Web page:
The will and determination to fight corruption has increased in societies across the world in the last two decades. To this end, the importance of effective anticorruption measures has expanded into a global political agenda with the World Bank and the UN championing the cause.
It was therefore not surprising when the All Progressives Congress (APC), Nigeria’s ruling party, campaigned under that banner during the 2015 election circle. They anchored their campaign under three major planks – corruption, security and the economy.
They promised to root out corruption in the body politics, contain the spiraling insecurity in the country, and set the economy on the right course. As a result, Nigerians gave the party its mandate and President Muhammadu Buhari was sworn in on May 29, 2015. The feat was repeated in 2019 – some say controversially. Five years later, both the president and his party are faltering on all fronts. If there was any period in our recent history when there was an overwhelming consensus that we needed a radical turnaround, 2015 was it.
Most Nigerians were hopeful that we could turn the tide, do a detour and head the right way. But there was a snag. In our mass euphoria, only a very few asked the most fundamental question: where is the roadmap to where we are going? The mass euphoria evaporated gradually when it became clearer that there were no concrete plans to a destination. Insecurity intensified, the economy tanked and most importantly, systemic corruption with impunity blossomed on an unimaginable scale. Recent revelations from the Economic and Financial Crimes Commission (EFCC), Niger Delta Development Commission (NDDC), Nigeria Social Insurance Trust Fund (NSITF) and elsewhere in the polity have shown how endemic the problems are.
What might happen if the Nigeria National Petroleum Corporation (NNPC), for instance, is placed in the spotlight? I wonder. Already there are calls to beam the searchlight on the North East Development Commission (NEDC), This writer believes that the reason for the failure in tackling endemic corruption is because most do not see corruption as an entrenched ideology. Ideological issues are not addressed with kid gloves; they require a multidisciplinary approach to tackle. Ideology as a concept was first used during the French Revolution in the 18th century to mean the “science of ideas.” And when the term ideology was used it referred to political ideology. It signifies beliefs and doctrines or guiding prinitwhich are either dogmas beyond reach of criticism or cloaks for individuals and group interests.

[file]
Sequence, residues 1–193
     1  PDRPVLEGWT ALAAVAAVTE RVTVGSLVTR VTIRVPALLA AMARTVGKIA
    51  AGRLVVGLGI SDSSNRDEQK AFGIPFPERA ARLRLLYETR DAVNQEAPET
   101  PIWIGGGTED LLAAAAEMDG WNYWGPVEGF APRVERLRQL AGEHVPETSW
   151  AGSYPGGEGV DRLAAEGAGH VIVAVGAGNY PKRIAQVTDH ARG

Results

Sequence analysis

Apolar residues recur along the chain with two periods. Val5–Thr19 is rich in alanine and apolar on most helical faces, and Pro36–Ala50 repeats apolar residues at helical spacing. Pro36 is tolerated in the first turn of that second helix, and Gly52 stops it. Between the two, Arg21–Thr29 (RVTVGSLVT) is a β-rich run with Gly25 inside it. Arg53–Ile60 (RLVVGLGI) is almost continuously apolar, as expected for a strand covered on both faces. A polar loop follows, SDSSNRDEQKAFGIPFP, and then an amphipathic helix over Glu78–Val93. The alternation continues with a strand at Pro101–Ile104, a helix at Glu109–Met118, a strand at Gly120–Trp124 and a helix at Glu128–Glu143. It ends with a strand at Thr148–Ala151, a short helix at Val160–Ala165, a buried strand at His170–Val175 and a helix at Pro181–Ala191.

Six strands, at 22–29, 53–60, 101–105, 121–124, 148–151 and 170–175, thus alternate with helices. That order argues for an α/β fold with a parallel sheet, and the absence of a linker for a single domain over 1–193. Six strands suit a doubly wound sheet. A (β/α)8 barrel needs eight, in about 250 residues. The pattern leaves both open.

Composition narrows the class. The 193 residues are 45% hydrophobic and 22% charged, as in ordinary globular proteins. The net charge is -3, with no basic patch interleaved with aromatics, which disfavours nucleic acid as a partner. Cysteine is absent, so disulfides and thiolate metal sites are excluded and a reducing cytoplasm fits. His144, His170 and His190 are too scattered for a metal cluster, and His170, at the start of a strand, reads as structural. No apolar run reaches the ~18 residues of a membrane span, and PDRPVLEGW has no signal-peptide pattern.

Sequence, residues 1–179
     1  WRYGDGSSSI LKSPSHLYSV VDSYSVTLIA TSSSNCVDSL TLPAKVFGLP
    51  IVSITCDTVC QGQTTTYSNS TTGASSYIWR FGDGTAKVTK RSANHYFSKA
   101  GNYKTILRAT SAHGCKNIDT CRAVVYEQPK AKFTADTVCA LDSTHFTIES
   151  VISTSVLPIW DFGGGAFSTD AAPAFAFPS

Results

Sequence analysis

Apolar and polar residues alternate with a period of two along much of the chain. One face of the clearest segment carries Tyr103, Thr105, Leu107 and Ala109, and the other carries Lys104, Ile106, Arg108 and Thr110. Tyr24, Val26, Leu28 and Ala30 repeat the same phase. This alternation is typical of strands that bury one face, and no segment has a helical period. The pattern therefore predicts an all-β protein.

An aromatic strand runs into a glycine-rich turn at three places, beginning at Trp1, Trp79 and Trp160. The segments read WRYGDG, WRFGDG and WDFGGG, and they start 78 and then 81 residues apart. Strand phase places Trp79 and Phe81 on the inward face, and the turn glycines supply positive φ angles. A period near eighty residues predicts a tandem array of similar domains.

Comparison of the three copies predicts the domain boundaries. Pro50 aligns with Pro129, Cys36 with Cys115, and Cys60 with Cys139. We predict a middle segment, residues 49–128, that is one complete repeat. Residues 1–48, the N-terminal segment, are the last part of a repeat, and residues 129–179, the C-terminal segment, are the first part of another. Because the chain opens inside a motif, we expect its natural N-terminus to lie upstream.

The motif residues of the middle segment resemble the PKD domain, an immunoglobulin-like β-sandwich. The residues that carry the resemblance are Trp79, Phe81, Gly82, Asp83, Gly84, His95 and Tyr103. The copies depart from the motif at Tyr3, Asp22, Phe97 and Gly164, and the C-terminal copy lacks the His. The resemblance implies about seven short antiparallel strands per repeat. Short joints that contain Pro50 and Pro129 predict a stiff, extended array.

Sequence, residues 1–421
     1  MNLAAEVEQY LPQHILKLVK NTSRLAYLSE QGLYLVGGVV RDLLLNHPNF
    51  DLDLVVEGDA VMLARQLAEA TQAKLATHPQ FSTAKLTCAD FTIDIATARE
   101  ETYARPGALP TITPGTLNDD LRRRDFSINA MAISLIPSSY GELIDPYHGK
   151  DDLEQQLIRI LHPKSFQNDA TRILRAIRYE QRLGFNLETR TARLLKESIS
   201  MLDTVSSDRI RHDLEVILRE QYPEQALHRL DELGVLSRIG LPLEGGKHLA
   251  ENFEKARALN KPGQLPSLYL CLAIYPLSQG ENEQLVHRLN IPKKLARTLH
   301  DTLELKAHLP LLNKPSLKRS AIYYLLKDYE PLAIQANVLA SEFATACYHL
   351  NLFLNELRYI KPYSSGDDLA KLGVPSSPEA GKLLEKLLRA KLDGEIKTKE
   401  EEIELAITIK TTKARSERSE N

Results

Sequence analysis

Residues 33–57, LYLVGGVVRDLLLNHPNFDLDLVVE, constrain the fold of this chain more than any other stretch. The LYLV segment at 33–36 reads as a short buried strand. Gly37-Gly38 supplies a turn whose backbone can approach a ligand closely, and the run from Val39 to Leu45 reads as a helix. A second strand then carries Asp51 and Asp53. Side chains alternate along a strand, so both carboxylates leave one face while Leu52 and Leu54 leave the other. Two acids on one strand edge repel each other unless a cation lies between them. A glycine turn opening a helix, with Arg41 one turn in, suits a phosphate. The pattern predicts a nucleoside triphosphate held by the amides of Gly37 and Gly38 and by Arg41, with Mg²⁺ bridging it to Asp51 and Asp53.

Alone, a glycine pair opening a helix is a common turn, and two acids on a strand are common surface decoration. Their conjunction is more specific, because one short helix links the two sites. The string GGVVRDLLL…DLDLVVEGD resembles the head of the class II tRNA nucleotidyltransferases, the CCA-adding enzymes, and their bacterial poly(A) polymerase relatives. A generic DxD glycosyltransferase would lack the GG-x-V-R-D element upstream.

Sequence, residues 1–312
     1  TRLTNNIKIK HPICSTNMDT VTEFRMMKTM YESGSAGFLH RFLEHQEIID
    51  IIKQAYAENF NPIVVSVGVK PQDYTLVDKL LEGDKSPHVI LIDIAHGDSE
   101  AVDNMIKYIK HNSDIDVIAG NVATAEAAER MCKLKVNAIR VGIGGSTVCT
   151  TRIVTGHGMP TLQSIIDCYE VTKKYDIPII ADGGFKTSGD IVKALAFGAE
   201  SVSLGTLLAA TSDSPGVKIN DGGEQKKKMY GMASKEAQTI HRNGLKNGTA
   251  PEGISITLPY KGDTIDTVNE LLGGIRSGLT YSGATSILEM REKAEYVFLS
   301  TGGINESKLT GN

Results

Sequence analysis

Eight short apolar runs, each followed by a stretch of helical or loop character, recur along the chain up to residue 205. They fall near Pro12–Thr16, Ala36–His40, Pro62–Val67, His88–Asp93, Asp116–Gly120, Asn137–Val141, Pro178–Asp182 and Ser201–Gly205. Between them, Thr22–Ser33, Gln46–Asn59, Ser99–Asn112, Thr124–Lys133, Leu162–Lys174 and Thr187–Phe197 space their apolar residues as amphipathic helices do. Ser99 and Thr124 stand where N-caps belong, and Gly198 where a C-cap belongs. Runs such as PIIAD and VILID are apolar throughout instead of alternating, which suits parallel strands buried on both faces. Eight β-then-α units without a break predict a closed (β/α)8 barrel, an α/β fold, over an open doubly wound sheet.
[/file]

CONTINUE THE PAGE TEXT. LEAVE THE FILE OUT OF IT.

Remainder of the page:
Fundamentalist and militant groups like ISIS, Al-Shabaab, Al-Qaeda and others have used the ideology of religion and terrorism to recruit hundreds of thousands of die hard followers. However radical, ethical, liberal or revolutionary the ideology is, it has three major aspects namely; an ideology gives ideas and concepts in order to explain the existing reality; it offers a critique of the existing (popular) ideology and it proposes a path forward – a manifesto to be followed in order to achieve the desired goal in the future that has been identified by the ideology itself. We shall use these three premises to try and put a handle or grip on the ideology of corruption in Nigeria.
In the first instance, corruption is an “idea” and “concept” where you take what isn’t yours by virtue of the position you occupy or through proxies. It becomes an “unwritten ideology” because it triggers a chain reaction of events. Individuals have to be coopted, “foot soldiers” have to be recruited and deployed to reach out to people in the “chain of command” in other to assure them their interests are “factored” into and fully protected in the “deal.” Even if, for whatever reason the bubble bursts, you won’t be seen as a “common thief” because words like maladministration, misappropriation etc.
would be used to tamper the magnitude of your crime instead of out rightly calling you a common “thief.” Secondly, if you follow the ideology of honesty and forthrightness, how do you drive that car of your dream? How do you build that country home? How do you survive after retirement? How do you send your child/children to universities in Europe or America? How will people see you after spending years in government “without anything to show for it”? The question goes on and on. Thirdly, it has to have a manifesto to be followed.
The “manifesto of corruption” is often unwritten; it is subtly understood by those involved. It can look harmless and laced with “good” intensions, but underneath it wrecks societies and destinies. Monies meant to build schools, hospitals infrastructure etc.
are compromised and shared. There is one snag about corruption in Nigeria; most perceive it in the prism of only when money is stolen! But corruption transcends that. Nepotism, favouritism, tribalism, family dysfunctionality, slavery, deceit, ignorance etc. are all elements of the web of corruption painfully overlooked in the country.